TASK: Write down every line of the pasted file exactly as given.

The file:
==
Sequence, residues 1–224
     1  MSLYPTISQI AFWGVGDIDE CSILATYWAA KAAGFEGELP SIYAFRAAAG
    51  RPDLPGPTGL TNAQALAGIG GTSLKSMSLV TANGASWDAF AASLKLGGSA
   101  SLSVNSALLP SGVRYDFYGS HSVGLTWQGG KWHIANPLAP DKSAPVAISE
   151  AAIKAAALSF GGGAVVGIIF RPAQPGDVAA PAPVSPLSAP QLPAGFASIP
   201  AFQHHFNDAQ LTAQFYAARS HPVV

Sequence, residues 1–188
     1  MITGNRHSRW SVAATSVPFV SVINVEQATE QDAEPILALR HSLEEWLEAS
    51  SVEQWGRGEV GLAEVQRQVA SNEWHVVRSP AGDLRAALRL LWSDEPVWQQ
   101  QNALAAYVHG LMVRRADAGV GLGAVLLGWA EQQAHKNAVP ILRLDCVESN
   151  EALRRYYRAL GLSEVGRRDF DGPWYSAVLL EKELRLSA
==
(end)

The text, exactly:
Sequence, residues 1–224
     1  MSLYPTISQI AFWGVGDIDE CSILATYWAA KAAGFEGELP SIYAFRAAAG
    51  RPDLPGPTGL TNAQALAGIG GTSLKSMSLV TANGASWDAF AASLKLGGSA
   101  SLSVNSALLP SGVRYDFYGS HSVGLTWQGG KWHIANPLAP DKSAPVAISE
   151  AAIKAAALSF GGGAVVGIIF RPAQPGDVAA PAPVSPLSAP QLPAGFASIP
   201  AFQHHFNDAQ LTAQFYAARS HPVV

Sequence, residues 1–188
     1  MITGNRHSRW SVAATSVPFV SVINVEQATE QDAEPILALR HSLEEWLEAS
    51  SVEQWGRGEV GLAEVQRQVA SNEWHVVRSP AGDLRAALRL LWSDEPVWQQ
   101  QNALAAYVHG LMVRRADAGV GLGAVLLGWA EQQAHKNAVP ILRLDCVESN
   151  EALRRYYRAL GLSEVGRRDF DGPWYSAVLL EKELRLSA